The castle of Drivenik is first mentioned in 1228 as one of the co-signers of the Vinodol Code. From the 13th century the castle was the seat of the district administration, and upon the arrival of the Frankopans, their deputy Dragoljub resided there in 1288. In the 16th century (1571 based on an inscription on its walls) the castle was expanded in size and in the style of Renaissance fortresses it received round towers on its corners. Then in 1577, the castle was ruled by the noble family Zrinski.
The construction of the road in 1746 linked Drivenik to Novi Vinodolski and Bakar. This allowed the inhabitants to move from the hilltop down into the valley where present day Drivenik village developed along the roadway. Ultimately the castle was abandoned as an active settlement, only the church of Sveti Dujam (St. Domnius) and its cemetery remained as active properties.
Near the castle is the chapel of St. Stephen, built probably at the end of the 16th century with its tower containing three bells. The church has three building phases: Romanesque, Gothic and Baroque. The church originally contained a late Gothic period 'Pieta' sculpture titled the 'Mourning of Christ' and a Baroque period wood carved 'Golden Altar'. Today both are in the Museum of Art and Crafts in Zagreb.
The chapel of St. Martin is situated at the cemetery. It has Baroque frescoes dating from the 18th century. On its wall is a fresco 'Taken down from the Cross'. There is the Way of the Cross with four shrines near the cemetery and at its end Calvary is marked with three high crosses dating from 1768. The cemetery also contains a monument to fallen fighters from World War II.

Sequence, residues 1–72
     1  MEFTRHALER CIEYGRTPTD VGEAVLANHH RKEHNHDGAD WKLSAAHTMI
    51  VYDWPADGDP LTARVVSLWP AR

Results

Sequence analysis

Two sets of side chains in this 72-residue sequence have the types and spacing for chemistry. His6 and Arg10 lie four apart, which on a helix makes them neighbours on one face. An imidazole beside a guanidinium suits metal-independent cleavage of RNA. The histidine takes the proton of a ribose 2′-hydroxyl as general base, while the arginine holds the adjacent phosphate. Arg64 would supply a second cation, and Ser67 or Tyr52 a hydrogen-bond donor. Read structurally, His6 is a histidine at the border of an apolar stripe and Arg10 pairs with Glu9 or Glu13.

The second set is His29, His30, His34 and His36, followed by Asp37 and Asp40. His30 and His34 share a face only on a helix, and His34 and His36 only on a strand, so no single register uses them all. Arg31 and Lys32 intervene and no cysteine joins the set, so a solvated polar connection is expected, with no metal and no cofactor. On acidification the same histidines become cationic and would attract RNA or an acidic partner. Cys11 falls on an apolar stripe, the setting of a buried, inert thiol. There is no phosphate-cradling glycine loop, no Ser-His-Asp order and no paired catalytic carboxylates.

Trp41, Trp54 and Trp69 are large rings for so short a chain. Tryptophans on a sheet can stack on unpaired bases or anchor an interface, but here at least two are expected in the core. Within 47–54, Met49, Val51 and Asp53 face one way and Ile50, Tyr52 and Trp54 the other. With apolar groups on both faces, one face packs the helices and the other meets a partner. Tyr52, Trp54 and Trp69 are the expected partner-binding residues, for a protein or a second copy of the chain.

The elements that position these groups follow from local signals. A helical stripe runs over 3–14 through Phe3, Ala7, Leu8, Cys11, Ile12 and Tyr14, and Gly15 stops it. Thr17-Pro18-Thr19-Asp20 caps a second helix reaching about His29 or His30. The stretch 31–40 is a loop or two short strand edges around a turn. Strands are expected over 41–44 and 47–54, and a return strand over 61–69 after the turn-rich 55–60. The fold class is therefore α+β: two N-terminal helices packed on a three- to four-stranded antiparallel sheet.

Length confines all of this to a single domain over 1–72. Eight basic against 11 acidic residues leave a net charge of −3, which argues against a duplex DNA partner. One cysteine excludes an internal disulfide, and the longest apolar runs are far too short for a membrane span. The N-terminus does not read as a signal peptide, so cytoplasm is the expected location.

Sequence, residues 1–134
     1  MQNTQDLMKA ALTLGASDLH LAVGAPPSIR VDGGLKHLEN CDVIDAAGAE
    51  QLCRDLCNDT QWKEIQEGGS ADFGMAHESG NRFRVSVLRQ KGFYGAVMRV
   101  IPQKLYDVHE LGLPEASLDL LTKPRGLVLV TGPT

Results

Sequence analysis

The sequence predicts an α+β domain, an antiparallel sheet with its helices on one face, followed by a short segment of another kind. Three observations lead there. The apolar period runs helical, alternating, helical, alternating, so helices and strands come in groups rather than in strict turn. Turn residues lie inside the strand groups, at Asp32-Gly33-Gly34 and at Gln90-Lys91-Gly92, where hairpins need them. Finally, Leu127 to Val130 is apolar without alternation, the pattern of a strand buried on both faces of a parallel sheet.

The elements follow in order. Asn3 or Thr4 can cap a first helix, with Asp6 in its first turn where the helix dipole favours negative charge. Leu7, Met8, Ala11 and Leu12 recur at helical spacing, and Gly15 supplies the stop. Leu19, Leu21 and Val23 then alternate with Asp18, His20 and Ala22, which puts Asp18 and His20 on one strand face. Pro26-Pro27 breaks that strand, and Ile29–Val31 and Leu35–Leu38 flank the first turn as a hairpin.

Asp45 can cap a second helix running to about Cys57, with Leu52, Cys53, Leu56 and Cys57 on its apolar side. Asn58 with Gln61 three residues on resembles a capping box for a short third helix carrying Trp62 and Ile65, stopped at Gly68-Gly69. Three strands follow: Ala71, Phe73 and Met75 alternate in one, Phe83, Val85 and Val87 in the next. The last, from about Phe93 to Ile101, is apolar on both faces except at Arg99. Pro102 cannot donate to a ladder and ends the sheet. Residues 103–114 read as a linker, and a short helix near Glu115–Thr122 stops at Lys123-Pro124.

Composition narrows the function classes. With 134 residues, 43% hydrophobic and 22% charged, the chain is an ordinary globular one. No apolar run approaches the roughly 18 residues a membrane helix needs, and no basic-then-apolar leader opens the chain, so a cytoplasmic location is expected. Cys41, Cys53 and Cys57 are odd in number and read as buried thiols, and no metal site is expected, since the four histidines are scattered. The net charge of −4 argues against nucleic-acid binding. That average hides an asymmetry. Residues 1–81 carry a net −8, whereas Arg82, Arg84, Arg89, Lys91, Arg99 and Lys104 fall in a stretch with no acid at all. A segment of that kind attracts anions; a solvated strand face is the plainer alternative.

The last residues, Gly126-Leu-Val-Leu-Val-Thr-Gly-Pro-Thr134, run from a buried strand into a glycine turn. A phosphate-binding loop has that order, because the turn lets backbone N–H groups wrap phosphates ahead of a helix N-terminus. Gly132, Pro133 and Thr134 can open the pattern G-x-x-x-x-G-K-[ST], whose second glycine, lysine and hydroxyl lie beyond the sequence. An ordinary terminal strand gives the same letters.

The parish church of Sveti Dujam (St. Domnius) contains three naves and a bell-tower in the front. Originally it was built with one nave, without the open bell-tower. Sveti Dujam's bell tower was built in 1806 and the entrance beneath the bell tower was constructed in 1846.
The sanctuary was decorated by Anton Cej in 1894 when the main marble altar was constructed. The church floor contains burial vaults with the remains of a prominent local family Klarić (Gaspar 1653 and Marko 1753). The church underwent partial restoration in 1968.References:
The eight towns in south-eastern Sicily, including Ragusa, were all rebuilt after 1693 on or beside towns existing at the time of the earthquake which took place in that year. They represent a considerable collective undertaking, successfully carried out at a high level of architectural and artistic achievement. Keeping within the late Baroque style of the day, they also depict distinctive innovations in town planning and urban building. Together with seven other cities in the Val di Noto, it is part of a UNESCO World Heritage Site.
In 1693 Ragusa was devastated by a huge earthquake, which killed some 5,000 inhabitants. Following this catastrophe the city was largely rebuilt, and many Baroque buildings from this time remain in the city. Most of the population moved to a new settlement in the former district of Patro, calling this new municipality 'Ragusa Superiore' (Upper Ragusa) and the ancient city 'Ragusa Inferiore' (Lower Ragusa). The two cities remained separated until 1926, when they were fused together to become a provincial capital in 1927.